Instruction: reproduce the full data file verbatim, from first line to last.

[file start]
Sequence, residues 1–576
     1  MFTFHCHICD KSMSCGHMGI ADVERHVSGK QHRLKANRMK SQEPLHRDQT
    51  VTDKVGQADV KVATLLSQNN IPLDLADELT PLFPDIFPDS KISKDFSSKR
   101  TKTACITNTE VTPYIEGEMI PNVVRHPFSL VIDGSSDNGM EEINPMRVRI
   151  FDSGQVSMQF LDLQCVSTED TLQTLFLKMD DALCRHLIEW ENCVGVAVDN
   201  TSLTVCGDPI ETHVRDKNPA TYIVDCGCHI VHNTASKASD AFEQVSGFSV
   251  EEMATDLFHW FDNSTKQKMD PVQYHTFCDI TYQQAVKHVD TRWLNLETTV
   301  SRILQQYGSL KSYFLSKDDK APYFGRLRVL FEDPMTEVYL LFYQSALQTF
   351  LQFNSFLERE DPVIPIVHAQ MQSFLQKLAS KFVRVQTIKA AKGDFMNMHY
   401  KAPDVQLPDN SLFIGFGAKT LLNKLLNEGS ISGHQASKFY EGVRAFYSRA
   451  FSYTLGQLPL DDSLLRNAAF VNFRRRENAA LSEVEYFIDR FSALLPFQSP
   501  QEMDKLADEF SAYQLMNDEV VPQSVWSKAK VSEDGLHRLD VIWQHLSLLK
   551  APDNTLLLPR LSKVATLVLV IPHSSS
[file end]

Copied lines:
Sequence, residues 1–576
     1  MFTFHCHICD KSMSCGHMGI ADVERHVSGK QHRLKANRMK SQEPLHRDQT
    51  VTDKVGQADV KVATLLSQNN IPLDLADELT PLFPDIFPDS KISKDFSSKR
   101  TKTACITNTE VTPYIEGEMI PNVVRHPFSL VIDGSSDNGM EEINPMRVRI
   151  FDSGQVSMQF LDLQCVSTED TLQTLFLKMD DALCRHLIEW ENCVGVAVDN
   201  TSLTVCGDPI ETHVRDKNPA TYIVDCGCHI VHNTASKASD AFEQVSGFSV
   251  EEMATDLFHW FDNSTKQKMD PVQYHTFCDI TYQQAVKHVD TRWLNLETTV
   301  SRILQQYGSL KSYFLSKDDK APYFGRLRVL FEDPMTEVYL LFYQSALQTF
   351  LQFNSFLERE DPVIPIVHAQ MQSFLQKLAS KFVRVQTIKA AKGDFMNMHY
   401  KAPDVQLPDN SLFIGFGAKT LLNKLLNEGS ISGHQASKFY EGVRAFYSRA
   451  FSYTLGQLPL DDSLLRNAAF VNFRRRENAA LSEVEYFIDR FSALLPFQSP
   501  QEMDKLADEF SAYQLMNDEV VPQSVWSKAK VSEDGLHRLD VIWQHLSLLK
   551  APDNTLLLPR LSKVATLVLV IPHSSS